In 1991, the Arkansas Democrat won the newspaper war. That year, the Arkansas Gazette closed. Leveritt saw an opportunity. He raised $680,000 to turn the Arkansas Times into a weekly alternative publication.
Today, Advertising Director Phyllis Britton manages subscriptions to keep the publication afloat. They are on solid financial ground, she said.
“It’s probably as good as it's ever been right now as far as the quality of the writing and how frequently we can publish, which is every week and then the constant twenty-four-seven online presence is pretty powerful,” said Britton.
According to Leveritt, the goal is distinctive reporting from a progressive perspective.
“A good example now is this piece we just came out with profiling this man who was framed pretty much by the drug task force and sent to prison for life for basically selling the equivalent of if you went into a restaurant the little container of sugar," said Leveritt. "[He] sold that much cocaine.”
David Koon wrote that story. He’s an associate editor who studied fiction at the Iowa Writer’s Workshop, a highly-regarded creative writing program. He says crime stories are the most important type of reporting he does because they are real stories about some of the worst moments in people’s lives.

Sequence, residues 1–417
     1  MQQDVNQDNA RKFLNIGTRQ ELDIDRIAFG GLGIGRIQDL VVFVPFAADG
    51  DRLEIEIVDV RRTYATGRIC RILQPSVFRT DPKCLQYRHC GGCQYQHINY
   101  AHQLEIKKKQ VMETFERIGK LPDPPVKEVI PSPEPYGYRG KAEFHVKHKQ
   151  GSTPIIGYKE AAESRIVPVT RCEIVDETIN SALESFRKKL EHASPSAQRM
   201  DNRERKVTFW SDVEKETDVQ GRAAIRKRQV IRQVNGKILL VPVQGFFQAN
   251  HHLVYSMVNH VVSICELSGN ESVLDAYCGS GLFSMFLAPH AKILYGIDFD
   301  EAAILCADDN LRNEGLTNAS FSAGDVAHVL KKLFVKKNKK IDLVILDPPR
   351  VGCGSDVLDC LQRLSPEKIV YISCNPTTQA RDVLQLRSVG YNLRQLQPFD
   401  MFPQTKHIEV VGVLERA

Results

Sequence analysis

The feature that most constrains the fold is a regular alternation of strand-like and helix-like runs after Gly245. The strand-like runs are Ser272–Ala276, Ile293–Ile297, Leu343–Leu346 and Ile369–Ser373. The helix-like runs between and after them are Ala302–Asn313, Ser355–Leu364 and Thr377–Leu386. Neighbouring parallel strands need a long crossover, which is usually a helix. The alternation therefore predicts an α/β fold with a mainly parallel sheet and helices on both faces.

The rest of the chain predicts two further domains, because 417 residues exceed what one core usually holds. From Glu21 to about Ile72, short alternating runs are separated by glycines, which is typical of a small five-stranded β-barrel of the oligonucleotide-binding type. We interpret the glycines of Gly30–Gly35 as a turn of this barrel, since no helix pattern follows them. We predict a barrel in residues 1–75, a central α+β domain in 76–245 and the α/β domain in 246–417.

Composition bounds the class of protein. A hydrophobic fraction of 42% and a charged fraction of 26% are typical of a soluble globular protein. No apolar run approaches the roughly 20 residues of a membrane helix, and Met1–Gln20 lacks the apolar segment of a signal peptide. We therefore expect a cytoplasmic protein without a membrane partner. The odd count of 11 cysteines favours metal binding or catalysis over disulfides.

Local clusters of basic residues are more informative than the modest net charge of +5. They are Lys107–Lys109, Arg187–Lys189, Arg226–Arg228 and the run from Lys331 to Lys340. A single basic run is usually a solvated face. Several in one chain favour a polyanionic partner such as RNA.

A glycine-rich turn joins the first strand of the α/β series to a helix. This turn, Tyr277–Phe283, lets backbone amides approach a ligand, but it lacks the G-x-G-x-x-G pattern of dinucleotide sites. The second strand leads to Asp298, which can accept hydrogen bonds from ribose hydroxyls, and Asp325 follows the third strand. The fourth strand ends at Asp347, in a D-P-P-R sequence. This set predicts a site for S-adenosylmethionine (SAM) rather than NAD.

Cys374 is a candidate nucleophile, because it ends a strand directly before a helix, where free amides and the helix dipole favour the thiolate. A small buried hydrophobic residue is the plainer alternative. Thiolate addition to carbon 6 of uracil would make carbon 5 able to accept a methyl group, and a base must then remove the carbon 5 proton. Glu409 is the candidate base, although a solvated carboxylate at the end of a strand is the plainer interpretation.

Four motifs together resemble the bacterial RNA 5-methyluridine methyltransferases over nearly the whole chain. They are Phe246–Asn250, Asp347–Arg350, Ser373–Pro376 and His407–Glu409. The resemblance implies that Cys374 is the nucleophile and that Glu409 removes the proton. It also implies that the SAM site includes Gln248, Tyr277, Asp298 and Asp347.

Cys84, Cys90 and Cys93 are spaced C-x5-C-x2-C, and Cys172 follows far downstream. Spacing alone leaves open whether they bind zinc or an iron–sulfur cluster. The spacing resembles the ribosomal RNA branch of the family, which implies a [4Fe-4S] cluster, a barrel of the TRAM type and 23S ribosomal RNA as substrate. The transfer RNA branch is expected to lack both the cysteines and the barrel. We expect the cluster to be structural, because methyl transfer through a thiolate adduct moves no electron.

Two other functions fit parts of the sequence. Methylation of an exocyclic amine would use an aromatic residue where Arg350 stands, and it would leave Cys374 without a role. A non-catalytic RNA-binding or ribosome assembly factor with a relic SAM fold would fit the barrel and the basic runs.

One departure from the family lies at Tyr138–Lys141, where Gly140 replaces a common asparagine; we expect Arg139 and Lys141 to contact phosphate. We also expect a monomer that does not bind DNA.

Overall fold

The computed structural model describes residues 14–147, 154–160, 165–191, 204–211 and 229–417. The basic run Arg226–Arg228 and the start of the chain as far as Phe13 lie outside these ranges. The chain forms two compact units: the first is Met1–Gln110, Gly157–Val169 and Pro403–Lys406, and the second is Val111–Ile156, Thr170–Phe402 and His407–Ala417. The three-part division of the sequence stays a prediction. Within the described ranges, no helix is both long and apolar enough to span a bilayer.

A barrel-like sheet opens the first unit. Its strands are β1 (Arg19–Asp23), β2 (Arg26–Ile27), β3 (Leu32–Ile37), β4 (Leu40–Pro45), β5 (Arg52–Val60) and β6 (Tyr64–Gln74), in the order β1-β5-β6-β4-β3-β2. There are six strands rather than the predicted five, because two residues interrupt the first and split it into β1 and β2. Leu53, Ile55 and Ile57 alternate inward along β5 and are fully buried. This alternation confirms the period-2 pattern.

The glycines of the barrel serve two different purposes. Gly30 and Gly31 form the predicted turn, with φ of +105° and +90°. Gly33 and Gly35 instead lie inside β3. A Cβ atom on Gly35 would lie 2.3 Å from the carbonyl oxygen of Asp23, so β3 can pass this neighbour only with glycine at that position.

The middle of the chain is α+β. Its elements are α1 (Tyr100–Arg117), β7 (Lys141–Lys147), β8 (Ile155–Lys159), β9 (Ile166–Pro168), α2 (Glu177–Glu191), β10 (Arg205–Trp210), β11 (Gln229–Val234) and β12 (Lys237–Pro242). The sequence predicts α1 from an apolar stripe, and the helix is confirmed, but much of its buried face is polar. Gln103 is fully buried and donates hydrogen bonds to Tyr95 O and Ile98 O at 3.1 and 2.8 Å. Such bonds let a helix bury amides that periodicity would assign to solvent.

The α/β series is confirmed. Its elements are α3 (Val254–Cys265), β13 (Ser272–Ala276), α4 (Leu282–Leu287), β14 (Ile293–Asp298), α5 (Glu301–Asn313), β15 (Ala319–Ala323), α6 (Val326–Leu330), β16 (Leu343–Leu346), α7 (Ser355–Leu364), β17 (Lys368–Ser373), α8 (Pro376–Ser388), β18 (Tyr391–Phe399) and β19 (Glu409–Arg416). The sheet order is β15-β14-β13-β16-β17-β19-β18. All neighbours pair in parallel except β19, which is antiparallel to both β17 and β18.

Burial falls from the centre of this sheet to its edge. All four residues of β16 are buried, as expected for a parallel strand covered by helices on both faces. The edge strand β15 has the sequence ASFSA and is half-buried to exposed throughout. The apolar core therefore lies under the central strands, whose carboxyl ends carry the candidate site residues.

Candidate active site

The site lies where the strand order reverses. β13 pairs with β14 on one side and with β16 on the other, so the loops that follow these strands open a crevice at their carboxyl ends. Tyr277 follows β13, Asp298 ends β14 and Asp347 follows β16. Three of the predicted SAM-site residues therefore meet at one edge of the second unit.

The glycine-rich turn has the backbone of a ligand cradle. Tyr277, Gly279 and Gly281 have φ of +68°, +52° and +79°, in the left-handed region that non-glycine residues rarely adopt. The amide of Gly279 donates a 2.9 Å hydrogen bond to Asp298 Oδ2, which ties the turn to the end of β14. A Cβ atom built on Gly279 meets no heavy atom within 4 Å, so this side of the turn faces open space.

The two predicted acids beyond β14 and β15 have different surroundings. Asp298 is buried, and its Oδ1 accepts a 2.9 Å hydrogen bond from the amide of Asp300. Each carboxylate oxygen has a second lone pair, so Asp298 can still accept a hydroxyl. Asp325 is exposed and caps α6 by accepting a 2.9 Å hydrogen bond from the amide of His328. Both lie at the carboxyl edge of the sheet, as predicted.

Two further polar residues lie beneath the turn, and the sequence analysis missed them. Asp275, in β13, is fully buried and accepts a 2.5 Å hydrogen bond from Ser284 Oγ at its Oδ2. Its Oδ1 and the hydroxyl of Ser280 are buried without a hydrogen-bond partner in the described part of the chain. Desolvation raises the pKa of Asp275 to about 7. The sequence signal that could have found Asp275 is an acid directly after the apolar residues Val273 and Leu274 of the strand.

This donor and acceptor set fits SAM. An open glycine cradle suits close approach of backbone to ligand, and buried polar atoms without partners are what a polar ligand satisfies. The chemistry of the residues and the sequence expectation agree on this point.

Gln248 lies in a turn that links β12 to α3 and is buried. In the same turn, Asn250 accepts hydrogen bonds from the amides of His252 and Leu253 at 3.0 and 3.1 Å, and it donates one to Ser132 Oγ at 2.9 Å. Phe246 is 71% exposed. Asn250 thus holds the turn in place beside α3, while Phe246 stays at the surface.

“What drives me at this job, Arkansas Times is really good at speaking to what it is to what it is to be an Arkansan, what it is that makes people passionate about this place,” said Koon.
Some of Koon's favorite writers anywhere have worked at the Arkansas Times.
“It’s kinda crazy the amount of stellar writers have worked their way through the Arkansas Times over the years. Guys like B.C. Hall, incredible writers, Bob Lancaster, a personal hero of mine, Rick Martin, Mara Leveritt, Mike Trimble, another personal hero. These are Folks that could go anywhere but wound up here,” he said.
Dennis Schick is the former Director of the Arkansas Press Association, where he worked for 25 years starting in the mid-70’s.
“The Arkansas Times is doing a terrific job of looking for and finding stories either of a feature nature, hard news nature, or investigative nature that basically [are] not being covered by anybody else because of economic and time restrictions,” said Schick.